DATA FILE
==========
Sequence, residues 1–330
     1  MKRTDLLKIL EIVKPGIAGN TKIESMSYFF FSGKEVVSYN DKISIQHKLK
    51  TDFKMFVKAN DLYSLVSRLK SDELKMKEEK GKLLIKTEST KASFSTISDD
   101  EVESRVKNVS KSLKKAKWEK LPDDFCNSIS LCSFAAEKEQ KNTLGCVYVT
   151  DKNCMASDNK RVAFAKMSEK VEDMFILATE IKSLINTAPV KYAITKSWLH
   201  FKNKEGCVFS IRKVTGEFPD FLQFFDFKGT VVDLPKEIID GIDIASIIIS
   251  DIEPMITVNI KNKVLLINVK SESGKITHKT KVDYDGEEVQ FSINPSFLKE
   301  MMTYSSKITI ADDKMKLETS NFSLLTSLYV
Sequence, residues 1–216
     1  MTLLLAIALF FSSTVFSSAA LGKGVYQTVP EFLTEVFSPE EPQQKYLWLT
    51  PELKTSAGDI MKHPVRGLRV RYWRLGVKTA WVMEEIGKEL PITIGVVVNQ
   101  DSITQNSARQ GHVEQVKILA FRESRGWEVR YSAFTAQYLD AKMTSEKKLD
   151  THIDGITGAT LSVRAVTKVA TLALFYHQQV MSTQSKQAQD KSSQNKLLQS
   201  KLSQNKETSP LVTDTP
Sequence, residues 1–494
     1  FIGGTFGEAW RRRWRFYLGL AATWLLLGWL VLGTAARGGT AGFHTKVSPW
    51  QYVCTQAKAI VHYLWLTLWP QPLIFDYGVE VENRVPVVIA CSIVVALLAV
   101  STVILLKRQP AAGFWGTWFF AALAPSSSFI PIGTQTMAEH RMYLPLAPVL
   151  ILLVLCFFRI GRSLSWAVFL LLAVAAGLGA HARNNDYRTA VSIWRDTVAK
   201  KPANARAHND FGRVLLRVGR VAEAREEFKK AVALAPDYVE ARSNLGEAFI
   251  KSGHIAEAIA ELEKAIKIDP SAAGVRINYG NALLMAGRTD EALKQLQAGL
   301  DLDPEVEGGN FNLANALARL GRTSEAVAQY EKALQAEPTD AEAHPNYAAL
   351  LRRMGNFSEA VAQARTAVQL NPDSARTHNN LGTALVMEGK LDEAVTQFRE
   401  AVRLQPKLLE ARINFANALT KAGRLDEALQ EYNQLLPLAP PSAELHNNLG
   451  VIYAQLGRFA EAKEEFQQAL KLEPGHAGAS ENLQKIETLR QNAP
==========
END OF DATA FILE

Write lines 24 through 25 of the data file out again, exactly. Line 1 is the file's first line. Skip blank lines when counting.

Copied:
   401  AVRLQPKLLE ARINFANALT KAGRLDEALQ EYNQLLPLAP PSAELHNNLG
   451  VIYAQLGRFA EAKEEFQQAL KLEPGHAGAS ENLQKIETLR QNAP